The game of baseball has been changing around us for over a decade as front offices have trended younger and more modern. Dave Dombrowski embodied the previous generation of executives that weren’t afraid to trade prospects and believed that spending money to acquire the best players maximized the chance of winning a title, and even the notion that titles were important. Contrary to public perception, Dombrowski has kept up to date with the advances in research and analysis and has let them proliferate his organization. One needs to look no further than how highly they valued Brian Banister and Zack Scott. The only thing old fashioned about Dave is that he’s the only man of power left in baseball that will do anything it takes to win. Modern baseball analysis has embraced a combination of an outdated Moneyball-era belief that the playoffs are a crapshoot and process culture that values efficiency over winning games. Mix these two together and you get people that prioritize long-term stability over winning pennants.
What made Dombrowski such a great fit for the Red Sox was that he zigged when everyone else zagged. After an unforgettable freshman campaign, Ben Cherrington implemented his ideal vision of a Red Sox team. He spent money on mid-tier free agents with heavy downside risk instead of buying top-shelf players like Jon Lester, which came to define Cherrington’s time as general manager. Cherrington did an admirable job by Theo Epstein’s side presiding over a fantastic farm system but had a philosophy that was not compatible with a large market team capable of signing better, albeit more expensive players.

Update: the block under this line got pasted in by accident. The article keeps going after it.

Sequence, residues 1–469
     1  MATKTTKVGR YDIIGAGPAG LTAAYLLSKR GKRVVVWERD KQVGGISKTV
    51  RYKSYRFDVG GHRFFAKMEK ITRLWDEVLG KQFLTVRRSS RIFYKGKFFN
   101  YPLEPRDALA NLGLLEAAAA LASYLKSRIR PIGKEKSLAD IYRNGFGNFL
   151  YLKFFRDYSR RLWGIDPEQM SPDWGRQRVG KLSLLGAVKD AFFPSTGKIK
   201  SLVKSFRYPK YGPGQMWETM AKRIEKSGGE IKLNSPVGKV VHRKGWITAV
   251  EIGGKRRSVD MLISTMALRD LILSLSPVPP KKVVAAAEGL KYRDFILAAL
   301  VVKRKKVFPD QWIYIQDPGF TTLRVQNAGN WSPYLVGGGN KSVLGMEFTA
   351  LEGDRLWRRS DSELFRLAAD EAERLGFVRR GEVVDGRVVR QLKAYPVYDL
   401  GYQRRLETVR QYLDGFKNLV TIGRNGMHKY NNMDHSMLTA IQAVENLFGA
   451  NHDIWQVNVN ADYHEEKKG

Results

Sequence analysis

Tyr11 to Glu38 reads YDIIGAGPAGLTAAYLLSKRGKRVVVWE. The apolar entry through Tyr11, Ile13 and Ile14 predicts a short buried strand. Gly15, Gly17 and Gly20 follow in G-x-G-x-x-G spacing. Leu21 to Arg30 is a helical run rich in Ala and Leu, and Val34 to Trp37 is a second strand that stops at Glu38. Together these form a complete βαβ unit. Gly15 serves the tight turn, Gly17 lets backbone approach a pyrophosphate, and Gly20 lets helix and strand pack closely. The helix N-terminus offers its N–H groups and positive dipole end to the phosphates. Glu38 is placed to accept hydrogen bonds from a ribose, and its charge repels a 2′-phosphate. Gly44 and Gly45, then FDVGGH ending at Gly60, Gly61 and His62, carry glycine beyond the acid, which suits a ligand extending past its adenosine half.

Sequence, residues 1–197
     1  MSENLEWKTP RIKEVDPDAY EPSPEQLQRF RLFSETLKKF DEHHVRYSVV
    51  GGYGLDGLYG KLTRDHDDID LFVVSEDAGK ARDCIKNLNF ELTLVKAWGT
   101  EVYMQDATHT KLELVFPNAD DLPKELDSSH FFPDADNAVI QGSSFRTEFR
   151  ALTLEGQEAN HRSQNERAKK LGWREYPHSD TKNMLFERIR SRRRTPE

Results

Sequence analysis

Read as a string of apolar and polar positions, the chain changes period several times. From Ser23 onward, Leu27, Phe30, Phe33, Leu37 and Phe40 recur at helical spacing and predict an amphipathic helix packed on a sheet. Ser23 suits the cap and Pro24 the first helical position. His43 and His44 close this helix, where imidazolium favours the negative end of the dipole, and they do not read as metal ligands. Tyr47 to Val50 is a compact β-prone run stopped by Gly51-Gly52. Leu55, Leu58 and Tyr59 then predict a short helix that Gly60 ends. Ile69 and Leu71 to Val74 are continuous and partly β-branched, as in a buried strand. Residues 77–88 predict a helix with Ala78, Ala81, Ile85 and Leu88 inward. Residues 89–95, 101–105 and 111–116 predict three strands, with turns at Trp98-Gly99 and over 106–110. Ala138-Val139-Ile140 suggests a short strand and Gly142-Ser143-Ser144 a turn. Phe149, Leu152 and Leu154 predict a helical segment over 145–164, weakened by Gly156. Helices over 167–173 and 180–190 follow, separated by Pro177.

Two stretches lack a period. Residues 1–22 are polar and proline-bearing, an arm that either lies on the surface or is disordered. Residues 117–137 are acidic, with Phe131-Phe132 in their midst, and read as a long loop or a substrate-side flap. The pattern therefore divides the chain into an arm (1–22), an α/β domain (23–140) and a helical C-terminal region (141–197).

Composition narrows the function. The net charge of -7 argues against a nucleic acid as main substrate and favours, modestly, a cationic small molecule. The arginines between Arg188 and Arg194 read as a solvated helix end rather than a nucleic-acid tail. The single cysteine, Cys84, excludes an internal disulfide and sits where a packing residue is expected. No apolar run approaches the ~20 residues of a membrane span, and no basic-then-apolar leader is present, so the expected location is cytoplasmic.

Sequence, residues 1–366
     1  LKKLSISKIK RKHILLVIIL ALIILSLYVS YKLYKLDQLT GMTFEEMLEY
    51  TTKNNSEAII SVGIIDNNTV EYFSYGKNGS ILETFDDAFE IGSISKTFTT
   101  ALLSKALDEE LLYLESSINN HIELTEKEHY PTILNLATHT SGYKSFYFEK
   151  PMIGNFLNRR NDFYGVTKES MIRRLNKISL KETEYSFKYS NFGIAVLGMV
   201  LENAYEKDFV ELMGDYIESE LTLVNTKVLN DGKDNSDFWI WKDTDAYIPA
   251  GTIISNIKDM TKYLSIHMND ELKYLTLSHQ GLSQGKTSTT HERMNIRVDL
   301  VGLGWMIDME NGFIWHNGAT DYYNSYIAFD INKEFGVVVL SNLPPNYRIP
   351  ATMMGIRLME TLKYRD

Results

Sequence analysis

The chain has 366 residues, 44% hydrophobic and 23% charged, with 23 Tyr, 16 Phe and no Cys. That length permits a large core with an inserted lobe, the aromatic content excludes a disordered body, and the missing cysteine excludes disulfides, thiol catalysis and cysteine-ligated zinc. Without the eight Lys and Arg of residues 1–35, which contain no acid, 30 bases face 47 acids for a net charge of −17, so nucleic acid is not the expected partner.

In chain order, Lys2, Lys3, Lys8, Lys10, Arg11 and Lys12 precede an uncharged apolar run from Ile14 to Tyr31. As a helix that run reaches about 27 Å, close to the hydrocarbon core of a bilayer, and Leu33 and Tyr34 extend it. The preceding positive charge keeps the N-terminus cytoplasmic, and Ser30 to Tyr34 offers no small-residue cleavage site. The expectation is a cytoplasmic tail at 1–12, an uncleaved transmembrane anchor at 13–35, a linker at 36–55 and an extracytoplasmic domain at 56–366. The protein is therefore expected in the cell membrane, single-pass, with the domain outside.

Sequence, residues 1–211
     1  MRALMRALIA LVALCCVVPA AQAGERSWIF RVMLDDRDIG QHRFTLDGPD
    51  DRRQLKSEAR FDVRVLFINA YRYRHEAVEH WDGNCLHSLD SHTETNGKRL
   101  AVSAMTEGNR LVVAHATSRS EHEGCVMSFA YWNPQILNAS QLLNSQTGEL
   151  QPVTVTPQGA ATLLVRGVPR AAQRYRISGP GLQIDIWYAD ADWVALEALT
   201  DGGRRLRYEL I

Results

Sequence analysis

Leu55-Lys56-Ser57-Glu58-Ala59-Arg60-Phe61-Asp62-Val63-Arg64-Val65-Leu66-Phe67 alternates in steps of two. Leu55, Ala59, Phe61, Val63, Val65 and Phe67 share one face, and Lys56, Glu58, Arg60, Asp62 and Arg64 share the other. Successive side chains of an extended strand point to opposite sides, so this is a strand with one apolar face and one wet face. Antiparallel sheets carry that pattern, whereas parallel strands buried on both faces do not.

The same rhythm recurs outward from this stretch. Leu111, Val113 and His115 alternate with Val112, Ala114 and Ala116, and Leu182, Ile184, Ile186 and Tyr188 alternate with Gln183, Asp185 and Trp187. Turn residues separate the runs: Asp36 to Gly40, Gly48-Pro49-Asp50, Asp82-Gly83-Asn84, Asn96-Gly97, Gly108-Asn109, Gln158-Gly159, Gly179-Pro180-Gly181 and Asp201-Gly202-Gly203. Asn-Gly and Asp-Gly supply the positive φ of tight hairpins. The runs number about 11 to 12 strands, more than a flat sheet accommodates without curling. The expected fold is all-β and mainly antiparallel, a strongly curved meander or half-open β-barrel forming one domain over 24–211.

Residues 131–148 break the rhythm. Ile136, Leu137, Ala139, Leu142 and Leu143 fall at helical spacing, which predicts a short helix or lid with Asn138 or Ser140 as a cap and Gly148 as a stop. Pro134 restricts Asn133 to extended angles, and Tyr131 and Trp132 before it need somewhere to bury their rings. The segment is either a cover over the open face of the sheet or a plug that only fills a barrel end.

Dombrowski walked into Cherrington’s mess did what he was brought into do. He handed David Price the largest contract ever gifted to a pitcher. He bucked modern conventional wisdom by trading top prospects for a relief pitcher. When that wasn’t enough, he signed J.D. Martinez to succeed David Ortiz and traded Cherrington’s legacy for a frontline ace in Chris Sale. Everything was going to ownership’s plan as the pieces moved in place for a title contender. Come October, no one was fretting about the cost of these moves when the team uncorked a little bit of the bubbly in Los Angeles.
It shouldn’t come as a surprise that most of the trades hold up remarkably well. One of Dombrowski’s signature skills, after all, is that he rarely loses a trade, projecting his internal talent so accurately that you suspect he might be a precog from Minority Report. Manny Margot, the #14 prospect per Baseball Prospectus in 2016, has become the right-handed Jackie Bradley but with a touch less defense. Carlos Ajuaje is in Japan. Aaron Wilkerson is an up and down reliever. He gave up the lesser Basabe brother because Dave Stewart was bad at his job. Anderson Espinoza hasn’t thrown a professional pitch since 2016. Michael Kopech blew his elbow out. The pieces that are missed the most are Travis Shaw, who would’ve filled Mitch Moreland’s role at first base the past three seasons and has crashed hard down to Earth after two very good seasons, and Yoán Moncada, who was always expected to be an excellent player at some point. Dombrowski has come out far, far ahead in these deals, squashing the absurd notion that he’s punted the chance at a self-sustainable, cheap dynasty.